The Providence Journal had an interesting article about the neglect and poor care provided at Summit Commons nursing home.  Rhode Island’s Department of Health has found that Summit Commons provided neglectful and substandard care to a patient.  DOH ordered the nursing home to install electronic-medical records to prevent future such problems.

The order against the Summit Commons Skilled Nursing and Rehabilitation Center marks the first time the Health Department has imposed such a mandate on a nursing home.  Through a series of negligent mistakes, Summit Commons failed to check the blood sugar of a diabetic patient for three weeks, even after prescribing a drug that can cause blood sugar to go up. The nursing home also continued to give the patient stool softeners after he developed diarrhea.

The patient was admitted to Summit Commons on March 16 with doctor’s orders to check his blood sugar twice a day and give him insulin as necessary. But the nurses failed to transcribe those instructions onto the patient’s medical chart, and failed to catch the error when checking later, Gifford said. Electronic-medical records would automatically generate such orders and nurses would not have to transcribe them, Gifford said.  Later, the patient was prescribed prednisone to treat arthritis. Prednisone can elevate blood sugar, and that prescription should have triggered tests of blood sugar, Gifford said.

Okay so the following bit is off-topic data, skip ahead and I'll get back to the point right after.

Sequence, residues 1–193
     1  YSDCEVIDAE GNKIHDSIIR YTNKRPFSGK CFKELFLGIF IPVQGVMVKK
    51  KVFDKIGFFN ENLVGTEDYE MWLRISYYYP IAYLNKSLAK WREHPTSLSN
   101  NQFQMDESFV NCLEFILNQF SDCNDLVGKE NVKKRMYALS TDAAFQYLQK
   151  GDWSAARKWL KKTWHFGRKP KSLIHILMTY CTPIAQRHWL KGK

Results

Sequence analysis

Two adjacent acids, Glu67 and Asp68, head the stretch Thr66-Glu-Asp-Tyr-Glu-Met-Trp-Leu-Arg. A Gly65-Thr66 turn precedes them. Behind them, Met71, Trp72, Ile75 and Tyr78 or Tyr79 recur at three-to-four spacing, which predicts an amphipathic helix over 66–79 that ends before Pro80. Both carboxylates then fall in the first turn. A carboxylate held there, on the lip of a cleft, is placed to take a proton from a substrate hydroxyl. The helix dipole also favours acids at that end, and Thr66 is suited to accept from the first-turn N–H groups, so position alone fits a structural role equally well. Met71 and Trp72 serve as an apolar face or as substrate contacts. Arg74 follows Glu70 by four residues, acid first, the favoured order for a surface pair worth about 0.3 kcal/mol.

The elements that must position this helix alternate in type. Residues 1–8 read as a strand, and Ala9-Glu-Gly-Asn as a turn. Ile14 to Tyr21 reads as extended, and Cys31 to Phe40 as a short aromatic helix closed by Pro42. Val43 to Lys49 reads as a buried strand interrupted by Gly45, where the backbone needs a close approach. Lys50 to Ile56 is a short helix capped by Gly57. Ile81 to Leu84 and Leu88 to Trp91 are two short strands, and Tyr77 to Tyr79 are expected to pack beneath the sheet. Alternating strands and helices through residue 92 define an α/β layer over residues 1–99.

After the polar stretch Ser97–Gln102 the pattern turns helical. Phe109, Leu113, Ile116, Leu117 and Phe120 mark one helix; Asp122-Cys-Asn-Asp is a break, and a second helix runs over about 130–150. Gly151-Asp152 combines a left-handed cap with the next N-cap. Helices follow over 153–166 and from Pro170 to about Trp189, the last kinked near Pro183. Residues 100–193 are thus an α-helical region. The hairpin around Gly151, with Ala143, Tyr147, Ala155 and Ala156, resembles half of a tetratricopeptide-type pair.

The patient was eventually admitted to Memorial Hospital of Rhode Island with shortness of breath, congestive heart failure, low blood pressure and dangerously high blood sugar.  The patient was sent home with hospice care and died soon after.

The patient was hospitalized, the nursing home failed to notify the Health Department as required. The Health Department conducted an inspection on April 20 after relatives of the man reported the incident and requested an investigation.  It’s the second time in less than a year that Summit Commons has run afoul of health inspectors. In August, the state declared that patients were in “immediate jeopardy” because of the nursing home’s failure to treat bedsores.

 

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